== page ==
on November 8, 2016 by in Golden News, Comments Off on Quixotic campaign demonstrates real leadership

Quixotic campaign demonstrates real leadership

I’ve been giving a lot of thought lately to the idea of leadership.

Can’t imagine why.

Leadership is one of those hard-to-define characteristics that are essential to the proper functioning of organizations. And it’s hard to define because there are so many different styles of leadership. There’s the high-minded, philosophical type; there’s the micro-manager; there’s also the force-of-will brilliant types; screamers, or calm. And all of those styles work, in the right settings and with the right people.

What does a good leader look like? I can’t tell you, but I know it when I see it.

Actually, one of my favorite aspects of teaching young adults was always trying to develop the leadership capacity of the students I had. And, I’ll be honest–;my track record was mixed, at best. My own shortcomings hampered their growth. And, let’s face it, young adults have a difficult enough time leading themselves from one place to the next without worrying about leading any of their peers around. Still, there were some who just got it, and were (and are still) amazing.

One of my most basic tenets of leadership that I tried to impress on them was that “Leadership is Service.” The leader, at his or her core, is not the one who orders people around, but is the one who sees a need and does something about it. If that means cleaning up after everyone else goes home, then so be it. If that means taking on special projects, then so be it. If that means arriving early to work with individuals who are struggling, then so be it. That is what leadership is. Only after a group sees somebody doing those kinds of things are they willing to follow them.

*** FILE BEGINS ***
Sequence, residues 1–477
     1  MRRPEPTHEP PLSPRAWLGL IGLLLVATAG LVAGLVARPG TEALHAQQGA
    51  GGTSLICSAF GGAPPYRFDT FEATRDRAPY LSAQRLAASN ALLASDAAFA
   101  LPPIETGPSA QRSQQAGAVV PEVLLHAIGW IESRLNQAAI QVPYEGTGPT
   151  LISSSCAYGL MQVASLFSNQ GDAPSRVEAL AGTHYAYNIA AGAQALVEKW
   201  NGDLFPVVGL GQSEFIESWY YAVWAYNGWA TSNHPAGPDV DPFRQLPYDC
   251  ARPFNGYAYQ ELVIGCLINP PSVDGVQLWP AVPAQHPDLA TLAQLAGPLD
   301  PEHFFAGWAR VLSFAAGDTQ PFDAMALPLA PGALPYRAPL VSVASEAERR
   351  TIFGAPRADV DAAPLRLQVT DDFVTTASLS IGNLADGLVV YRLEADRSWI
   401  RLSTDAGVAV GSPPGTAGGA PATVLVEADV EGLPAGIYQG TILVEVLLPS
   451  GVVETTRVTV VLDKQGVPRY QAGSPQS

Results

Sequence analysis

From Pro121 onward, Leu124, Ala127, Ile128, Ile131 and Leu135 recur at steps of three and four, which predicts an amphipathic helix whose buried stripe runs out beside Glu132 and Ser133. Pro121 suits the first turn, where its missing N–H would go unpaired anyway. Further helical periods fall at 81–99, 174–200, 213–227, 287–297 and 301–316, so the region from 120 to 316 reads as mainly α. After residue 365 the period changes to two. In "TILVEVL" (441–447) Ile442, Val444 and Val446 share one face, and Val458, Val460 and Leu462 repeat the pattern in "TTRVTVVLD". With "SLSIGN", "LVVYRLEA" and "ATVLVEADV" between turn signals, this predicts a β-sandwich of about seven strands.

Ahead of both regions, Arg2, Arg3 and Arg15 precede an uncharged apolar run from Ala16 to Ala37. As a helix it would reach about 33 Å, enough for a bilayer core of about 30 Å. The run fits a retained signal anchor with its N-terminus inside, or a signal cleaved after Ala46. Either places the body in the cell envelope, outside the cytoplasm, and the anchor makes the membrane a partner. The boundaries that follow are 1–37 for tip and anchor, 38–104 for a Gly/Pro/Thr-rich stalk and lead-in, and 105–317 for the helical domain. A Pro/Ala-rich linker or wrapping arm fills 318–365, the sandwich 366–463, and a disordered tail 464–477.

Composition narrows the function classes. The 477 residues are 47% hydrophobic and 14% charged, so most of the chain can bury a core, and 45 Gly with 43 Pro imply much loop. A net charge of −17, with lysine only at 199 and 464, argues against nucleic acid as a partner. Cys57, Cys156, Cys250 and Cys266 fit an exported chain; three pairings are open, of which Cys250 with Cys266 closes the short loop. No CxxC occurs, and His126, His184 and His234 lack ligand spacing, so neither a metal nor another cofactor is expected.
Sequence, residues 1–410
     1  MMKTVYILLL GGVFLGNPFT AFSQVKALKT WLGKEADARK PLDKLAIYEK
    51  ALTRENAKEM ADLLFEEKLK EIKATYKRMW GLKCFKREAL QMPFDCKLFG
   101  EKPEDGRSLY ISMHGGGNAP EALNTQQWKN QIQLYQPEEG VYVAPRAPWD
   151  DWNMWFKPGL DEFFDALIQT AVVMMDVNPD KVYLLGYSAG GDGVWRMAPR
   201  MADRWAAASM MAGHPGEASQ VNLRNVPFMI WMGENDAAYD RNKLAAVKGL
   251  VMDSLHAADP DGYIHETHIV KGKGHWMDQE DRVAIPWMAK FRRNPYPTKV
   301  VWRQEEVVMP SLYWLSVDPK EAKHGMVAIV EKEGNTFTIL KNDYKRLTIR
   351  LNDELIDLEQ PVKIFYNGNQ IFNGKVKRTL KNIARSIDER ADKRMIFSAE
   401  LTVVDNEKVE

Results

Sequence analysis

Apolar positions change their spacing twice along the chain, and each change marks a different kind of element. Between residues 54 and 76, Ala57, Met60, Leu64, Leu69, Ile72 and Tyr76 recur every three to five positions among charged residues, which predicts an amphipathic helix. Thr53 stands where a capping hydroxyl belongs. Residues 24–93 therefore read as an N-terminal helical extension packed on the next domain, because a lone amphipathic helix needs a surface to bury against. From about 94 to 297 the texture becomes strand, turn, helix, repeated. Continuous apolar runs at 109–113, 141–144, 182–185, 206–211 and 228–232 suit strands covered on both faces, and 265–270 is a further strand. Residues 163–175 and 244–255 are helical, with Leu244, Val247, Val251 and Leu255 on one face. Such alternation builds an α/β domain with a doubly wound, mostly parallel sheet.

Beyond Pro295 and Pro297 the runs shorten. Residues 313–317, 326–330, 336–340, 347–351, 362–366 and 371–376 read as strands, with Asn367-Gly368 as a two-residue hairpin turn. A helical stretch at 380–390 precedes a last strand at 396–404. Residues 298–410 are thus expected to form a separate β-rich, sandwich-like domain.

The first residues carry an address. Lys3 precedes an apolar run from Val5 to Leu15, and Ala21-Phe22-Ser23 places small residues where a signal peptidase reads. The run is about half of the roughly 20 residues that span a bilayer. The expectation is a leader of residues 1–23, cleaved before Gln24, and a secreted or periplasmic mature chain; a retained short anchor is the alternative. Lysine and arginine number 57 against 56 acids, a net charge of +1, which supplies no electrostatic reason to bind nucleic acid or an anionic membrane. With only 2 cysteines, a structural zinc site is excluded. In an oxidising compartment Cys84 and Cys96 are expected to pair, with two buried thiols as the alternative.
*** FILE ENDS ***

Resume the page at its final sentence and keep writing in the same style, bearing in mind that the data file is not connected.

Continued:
Which, I guess, is what is so distressing about the state of politics in America right now. Political office has become a “good gig,” whose best use is to land the next good gig, whether that be on reality television or, say, running a foundation.

Which is why it was so refreshing to hear Evan McMullin explain why he’s running for president.

Yeah, that’s Evan McMullin, with two “L’s.”

Haven’t heard of him? I’m not surprised, though he has become a bit of a media darling lately. Evan McMullin is running for president as an Independent, and his entire strategy is based around winning Utah (which, according to some polls, he is doing), which will then deny either of the major party candidates enough electoral votes to win the presidency, at which point the whole election would go to the House of Representatives, where he thinks he might be able to win.

Talk about trying to draw to an inside straight.

So, I went to hear McMullin speak last week in Lakewood, just to see if there was anything more to this quixotic campaign than a protest. And, it turns out, there is. As McMullin explains it, Trump is an unacceptable candidate, so somebody needed to challenge him to represent core American values. And, after hearing too many “leaders” in Washington rationalize their unwillingness to take that on themselves, he came to two realizations:

One, somebody has to do this. And two, if nobody else will, then he would.

It’s not like he went into 2016 dreaming of spending the entire last half of the year on the road, eating rubber chicken dinners, trying to convince people that voting for him wouldn’t be a wasted vote. He did it because he saw a need, and decided to do something about it.

I wouldn’t put money on his electoral strategy panning out, but it is refreshing to hear somebody in politics talking like they understand what service is, and, by extension, what real leadership is.

And, also, in a pleasant change of pace this year, I didn’t feel like I needed to take a shower after listening to his speech.

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